Home / Knowledge / News / Textiles / Researchers create fibers that can detect & produce sound
Researchers create fibers that can detect & produce sound
17
Jul '10
For centuries, "man-made fibers" meant the raw stuff of clothes and ropes; in the information age, it's come to mean the filaments of glass that carry data in communications networks. But to Yoel Fink, an associate professor of materials science and principal investigator at MIT's Research Lab of Electronics, the threads used in textiles and even optical fibers are much too passive. For the past decade, his lab has been working to develop fibers with ever more sophisticated properties, to enable fabrics that can interact with their environment.

In the August issue of Nature Materials, Fink and his collaborators announce a new milestone on the path to functional fibers: fibers that can detect and produce sound. Applications could include clothes that are themselves sensitive microphones, for capturing speech or monitoring bodily functions, and tiny filaments that could measure blood flow in capillaries or pressure in the brain.

Ordinary optical fibers are made from a "preform," a large cylinder of a single material that is heated up, drawn out, and then cooled. The fibers developed in Fink's lab, by contrast, derive their functionality from the elaborate geometrical arrangement of several different materials, which must survive the heating and drawing process intact.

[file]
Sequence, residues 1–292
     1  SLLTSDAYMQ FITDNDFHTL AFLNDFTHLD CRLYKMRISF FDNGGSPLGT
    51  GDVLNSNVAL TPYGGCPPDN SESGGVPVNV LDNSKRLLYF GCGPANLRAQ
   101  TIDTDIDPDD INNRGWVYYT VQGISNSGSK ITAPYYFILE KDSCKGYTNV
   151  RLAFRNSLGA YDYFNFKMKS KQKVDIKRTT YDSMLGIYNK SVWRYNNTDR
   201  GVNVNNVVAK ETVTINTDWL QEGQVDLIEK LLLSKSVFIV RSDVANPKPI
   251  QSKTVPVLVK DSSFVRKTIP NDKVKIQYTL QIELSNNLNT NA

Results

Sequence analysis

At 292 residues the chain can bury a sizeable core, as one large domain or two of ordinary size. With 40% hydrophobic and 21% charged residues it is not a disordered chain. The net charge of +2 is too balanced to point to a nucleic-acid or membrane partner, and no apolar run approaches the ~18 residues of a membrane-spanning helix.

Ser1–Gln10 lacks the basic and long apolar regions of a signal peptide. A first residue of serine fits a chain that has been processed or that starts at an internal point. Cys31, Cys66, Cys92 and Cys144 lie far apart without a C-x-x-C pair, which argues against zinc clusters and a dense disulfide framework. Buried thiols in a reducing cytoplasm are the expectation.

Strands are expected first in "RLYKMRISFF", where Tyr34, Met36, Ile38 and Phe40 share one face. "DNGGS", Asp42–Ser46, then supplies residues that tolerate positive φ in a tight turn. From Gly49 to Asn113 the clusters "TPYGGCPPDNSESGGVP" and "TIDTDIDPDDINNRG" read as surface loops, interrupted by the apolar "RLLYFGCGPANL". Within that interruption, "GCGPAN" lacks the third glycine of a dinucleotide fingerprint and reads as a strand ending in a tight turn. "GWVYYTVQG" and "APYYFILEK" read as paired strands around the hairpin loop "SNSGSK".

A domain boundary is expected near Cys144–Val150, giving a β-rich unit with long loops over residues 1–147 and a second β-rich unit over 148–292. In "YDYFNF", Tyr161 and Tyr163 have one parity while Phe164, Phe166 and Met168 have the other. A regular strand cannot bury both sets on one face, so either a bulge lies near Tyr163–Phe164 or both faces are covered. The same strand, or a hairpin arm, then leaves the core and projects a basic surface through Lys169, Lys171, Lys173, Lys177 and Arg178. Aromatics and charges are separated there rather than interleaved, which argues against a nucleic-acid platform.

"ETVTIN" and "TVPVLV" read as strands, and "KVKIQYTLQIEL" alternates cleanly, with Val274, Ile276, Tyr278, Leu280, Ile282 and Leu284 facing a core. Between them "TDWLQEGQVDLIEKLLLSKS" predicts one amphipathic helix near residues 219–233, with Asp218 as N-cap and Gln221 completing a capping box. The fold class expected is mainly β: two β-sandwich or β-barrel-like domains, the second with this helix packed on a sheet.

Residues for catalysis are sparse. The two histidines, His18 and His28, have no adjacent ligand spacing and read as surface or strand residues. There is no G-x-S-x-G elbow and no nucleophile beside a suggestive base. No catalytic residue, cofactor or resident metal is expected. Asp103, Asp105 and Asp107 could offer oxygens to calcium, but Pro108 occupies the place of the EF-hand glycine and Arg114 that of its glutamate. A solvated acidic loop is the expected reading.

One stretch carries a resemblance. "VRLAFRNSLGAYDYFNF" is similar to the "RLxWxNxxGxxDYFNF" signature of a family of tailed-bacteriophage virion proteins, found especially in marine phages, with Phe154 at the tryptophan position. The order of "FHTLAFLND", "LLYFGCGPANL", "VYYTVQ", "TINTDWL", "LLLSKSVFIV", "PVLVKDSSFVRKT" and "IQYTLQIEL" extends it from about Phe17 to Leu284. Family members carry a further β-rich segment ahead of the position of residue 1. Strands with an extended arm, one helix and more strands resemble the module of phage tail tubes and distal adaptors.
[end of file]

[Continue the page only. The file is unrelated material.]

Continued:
The heart of the new acoustic fibers is a plastic commonly used in microphones. By playing with the plastic's fluorine content, the researchers were able to ensure that its molecules remain lopsided — with fluorine atoms lined up on one side and hydrogen atoms on the other — even during heating and drawing. The asymmetry of the molecules is what makes the plastic "piezoelectric," meaning that it changes shape when an electric field is applied to it.

In a conventional piezoelectric microphone, the electric field is generated by metal electrodes. But in a fiber microphone, the drawing process would cause metal electrodes to lose their shape. So the researchers instead used a conducting plastic that contains graphite, the material found in pencil lead. When heated, the conducting plastic maintains a higher viscosity — it yields a thicker fluid — than a metal would.

Not only did this prevent the mixing of materials, but, crucially, it also made for fibers with a regular thickness. After the fiber has been drawn, the researchers need to align all the piezoelectric molecules in the same direction. That requires the application of a powerful electric field — 20 times as powerful as the fields that cause lightning during a thunderstorm. Anywhere the fiber is too narrow, the field would generate a tiny lightning bolt, which could destroy the material around it.